14:4515:00

Break

13:15 - 13:30

15:0016:00

FinTech Revolution: the Future and Potential for Accounting
Presentation followed by Q&A

00:00 - 01:00

  • Implications of disruptive innovation for central banking
  • Risk and opportunities of FinTech for accounting processes
  • Strategies to successfully integrate FinTech tools into accounting practices
  • Case study: new application of DLT and blockchain in accounting
Pierre-Edouard Wahl

former Head of Blockchain

PwC Switzerland

16:0016:00

End of day 1

00:00 - 00:01

Timings are subject to change as we evaluate geographic limitations of participants

12:0013:00

The question of capital: profit (and loss) sharing
Presentation followed by Q&A

00:00 - 00:30

  • Evaluating the relationship between a central bank's capital arrangements and its functions
  • Overview of models of profit and loss sharing across central banking
  • The impact of Covid-19 measures on central bank balance sheet and results
  • Hands on exercise: how can capital arrangements be improved in participants’ home institutions?
Kenneth Sullivan

Director

Central Bank Consulting (and former Senior Financial Expert, International Monetary Fund)

Kenneth Sullivan was until 2015 a senior financial sector expert with the International Monetary Fund. Previously, he spent seven years at the Reserve Bank of New Zealand as chief manager of both Accounting and Corporate Services where the bank won accounting prizes for the transparency of its published financial statements. Prior to that he provided a financial management information system consultancy, held senior accounting roles in insurance and wholesaling, and worked in education. Starting in 1993 he served as accounting expert on IMF missions, providing accounting technical assistance to central banks around the world, organized and presented at central bank accounting workshops and participated in Financial Sector Assessment Program and Safeguard Assessment

13:0013:15

Break

12:00 - 12:15

13:1514:15

Managing the audit process in a central bank
Presentation followed by Q&A

08:00 - 09:00

  • What an auditor expects from central bank accountants
  • How should central bank accounts communicate with audit function
  • What criteria the auditors use to assess the appropriateness of the reporting frameworks
  • Strategies to deal with the challenges of the audit process at central banks
Jeremy Foster

former Financial Services Capital Markets Partner

PwC

14:1514:30

Break

13:15 - 13:30

14:3015:30

Board executives and managers: effective frameworks for co-operation
Presentation followed by Q&A

13:00 - 14:01

  • How do accountants work effectively with the board?
  • What are the needs of the board and how can they encouraged to be an effective part of financial reporting?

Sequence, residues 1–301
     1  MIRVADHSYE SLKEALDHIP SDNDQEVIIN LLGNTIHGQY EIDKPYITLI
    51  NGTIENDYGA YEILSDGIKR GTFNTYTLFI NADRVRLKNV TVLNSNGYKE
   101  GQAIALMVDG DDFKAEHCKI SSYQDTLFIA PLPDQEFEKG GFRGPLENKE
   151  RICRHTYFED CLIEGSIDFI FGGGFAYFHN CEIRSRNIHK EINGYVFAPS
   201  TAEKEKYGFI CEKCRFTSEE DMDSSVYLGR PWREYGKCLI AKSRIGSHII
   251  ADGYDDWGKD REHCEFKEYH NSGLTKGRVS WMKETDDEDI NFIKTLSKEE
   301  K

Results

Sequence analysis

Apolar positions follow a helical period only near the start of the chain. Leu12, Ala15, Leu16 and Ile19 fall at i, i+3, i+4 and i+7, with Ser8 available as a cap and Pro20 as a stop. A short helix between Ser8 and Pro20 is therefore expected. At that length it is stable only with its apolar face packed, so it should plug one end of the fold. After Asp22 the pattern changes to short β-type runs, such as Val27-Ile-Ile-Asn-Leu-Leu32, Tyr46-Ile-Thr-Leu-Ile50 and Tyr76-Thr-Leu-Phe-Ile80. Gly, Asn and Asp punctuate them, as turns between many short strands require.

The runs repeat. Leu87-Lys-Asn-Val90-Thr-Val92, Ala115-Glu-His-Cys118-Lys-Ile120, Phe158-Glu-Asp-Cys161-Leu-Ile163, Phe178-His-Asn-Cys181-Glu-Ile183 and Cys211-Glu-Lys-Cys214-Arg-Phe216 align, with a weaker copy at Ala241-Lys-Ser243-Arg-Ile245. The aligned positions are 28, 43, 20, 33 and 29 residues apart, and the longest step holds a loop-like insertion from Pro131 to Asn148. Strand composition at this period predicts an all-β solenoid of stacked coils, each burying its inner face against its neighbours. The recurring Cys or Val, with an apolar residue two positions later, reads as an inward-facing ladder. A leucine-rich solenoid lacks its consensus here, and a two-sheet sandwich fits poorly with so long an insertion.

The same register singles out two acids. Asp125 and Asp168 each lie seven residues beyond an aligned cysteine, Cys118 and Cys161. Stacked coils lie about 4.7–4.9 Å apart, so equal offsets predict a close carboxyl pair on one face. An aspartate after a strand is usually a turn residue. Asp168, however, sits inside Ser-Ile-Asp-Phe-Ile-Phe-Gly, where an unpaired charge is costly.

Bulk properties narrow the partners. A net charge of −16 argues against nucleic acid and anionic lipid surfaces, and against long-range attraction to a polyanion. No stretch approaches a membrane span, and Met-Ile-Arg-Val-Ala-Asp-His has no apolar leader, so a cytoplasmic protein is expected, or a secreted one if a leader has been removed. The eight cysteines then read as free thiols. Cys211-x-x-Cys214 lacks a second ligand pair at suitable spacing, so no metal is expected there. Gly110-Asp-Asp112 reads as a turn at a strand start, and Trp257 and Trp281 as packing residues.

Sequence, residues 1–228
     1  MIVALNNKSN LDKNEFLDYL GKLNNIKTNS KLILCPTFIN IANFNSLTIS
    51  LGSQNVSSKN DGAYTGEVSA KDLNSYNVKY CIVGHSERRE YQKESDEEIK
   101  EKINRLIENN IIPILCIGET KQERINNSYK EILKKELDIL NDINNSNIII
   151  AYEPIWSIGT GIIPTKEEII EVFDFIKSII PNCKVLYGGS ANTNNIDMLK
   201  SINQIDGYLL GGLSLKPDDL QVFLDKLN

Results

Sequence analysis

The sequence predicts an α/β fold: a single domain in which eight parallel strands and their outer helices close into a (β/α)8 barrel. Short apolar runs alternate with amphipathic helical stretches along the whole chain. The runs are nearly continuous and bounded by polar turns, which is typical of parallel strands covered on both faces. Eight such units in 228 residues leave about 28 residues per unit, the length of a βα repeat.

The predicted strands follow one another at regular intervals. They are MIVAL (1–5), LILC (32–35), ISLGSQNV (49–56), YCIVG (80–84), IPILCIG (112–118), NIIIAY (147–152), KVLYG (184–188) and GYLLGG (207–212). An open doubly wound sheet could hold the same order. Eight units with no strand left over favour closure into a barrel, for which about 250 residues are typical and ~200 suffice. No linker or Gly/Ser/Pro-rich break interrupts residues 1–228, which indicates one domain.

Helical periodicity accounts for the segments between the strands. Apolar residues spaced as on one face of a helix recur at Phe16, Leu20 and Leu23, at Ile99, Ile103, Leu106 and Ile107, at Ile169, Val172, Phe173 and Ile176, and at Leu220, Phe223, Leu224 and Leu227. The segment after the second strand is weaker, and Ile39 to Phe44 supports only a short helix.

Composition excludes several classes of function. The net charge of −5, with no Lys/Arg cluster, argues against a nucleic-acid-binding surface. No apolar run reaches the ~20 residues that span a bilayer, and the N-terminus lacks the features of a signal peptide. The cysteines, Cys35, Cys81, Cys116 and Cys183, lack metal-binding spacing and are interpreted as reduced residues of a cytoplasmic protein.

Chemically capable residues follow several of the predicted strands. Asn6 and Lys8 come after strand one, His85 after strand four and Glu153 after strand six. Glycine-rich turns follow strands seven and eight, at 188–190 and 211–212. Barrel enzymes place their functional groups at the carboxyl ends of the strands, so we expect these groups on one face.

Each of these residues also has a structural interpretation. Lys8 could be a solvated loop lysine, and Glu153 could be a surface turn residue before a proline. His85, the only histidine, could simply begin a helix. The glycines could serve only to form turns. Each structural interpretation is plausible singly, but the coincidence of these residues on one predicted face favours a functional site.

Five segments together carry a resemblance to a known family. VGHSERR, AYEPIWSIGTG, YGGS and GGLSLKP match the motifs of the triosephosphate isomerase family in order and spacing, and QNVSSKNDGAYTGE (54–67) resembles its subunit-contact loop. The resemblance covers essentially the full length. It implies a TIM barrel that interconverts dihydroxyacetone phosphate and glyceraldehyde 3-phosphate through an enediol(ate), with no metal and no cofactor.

• Understanding independence: how can those in financial reporting help the board maintain its independence
  • Discussion: practical examples from delegates home jurisdictions
Livingstone Morrison

Deputy Governor

Bank of Jamaica

Livingstone Morrison is the chairman of the National Payments Council (NPC) of Jamaica which plays a critical role in facilitating the contribution of industry participants in the oversight and development of National Payments System Infrastructure. Through the work of the NPC he guided the modernisation of the National Payment System of Jamaica to meet international standards of safety and efficiency.  

He currently chairs the Bank of Jamaica FinTech Work Group as well as the CARICOM FinTech Work Group. Mr Morrison is a member of the Financial Inclusion Steering Committee of Jamaica and Chairman of the Retail Payments and Financial Market Infrastructure Working Group. Mr Morrison holds the position of deputy governor of Bank of Jamaica, with responsibility for administration and technical services, finance and technology, and payment system and risk management. He also heads the Bank’s Strategic Planning Team. He is a member of the Management Committee and chairs the Committee of Administration.

15:3016:00

Break

12:00 - 12:15

16:0016:30

Delegate action points and course conclusion
Course conclusion

14:45 - 15:15

  • Summary of the training course
  • Discussion of the observed trends and case studies
  • Application of learning points in the delegates’ home organisations
  • Preparation of action points

Participants will continue their learning post-event

00:0000:00

Post training survey and feedback

00:00 - 00:30

Course alumni group

00:00 - 00:30

CPE/CPD certificate

00:00 - 00:30

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Kenneth Sullivan

Sullivan Consulting

Director

Kenneth Sullivan's central banking career is built around periods as a senior financial sector expert with the International Monetary Fund and seven years at the Reserve Bank of New Zealand as chief manager of both accounting and corporate services. During his tenure the RBNZ developed new reporting frameworks that won accounting prizes for their transparency and completed a fundamental reorganisation of the bank. Prior to that he provided a financial management information system consultancy, held senior accounting roles in insurance and wholesaling, and worked in education. He has written on issues of central bank financial reporting, capital adequacy, organisation and accountability. 2014 saw publication of the book Financial Independence and Accountability for Central Banks that he edited with Martina Horakova of Central Bank Publications. Whilst at the IMF he represented the IMF on the International Financial Reporting Standards Advisory Council for 7 years and provided advice to over 90 central banks along with a secondment to a London bank working on structured finance.

Learning outcomes

By the end of the training course, participants will have gained new knowledge and a more comprehensive understanding of:

  • Understanding how to tackle the challenges in a multi-mandate environment
  • The state of the art in fintech
  • Best practice of accounting standards for modern central banks
  • Optimizing IT applications for central bank reporting 
  • Implementation experiences of IFRS 9
  • How to manage the the audit process

What to do next?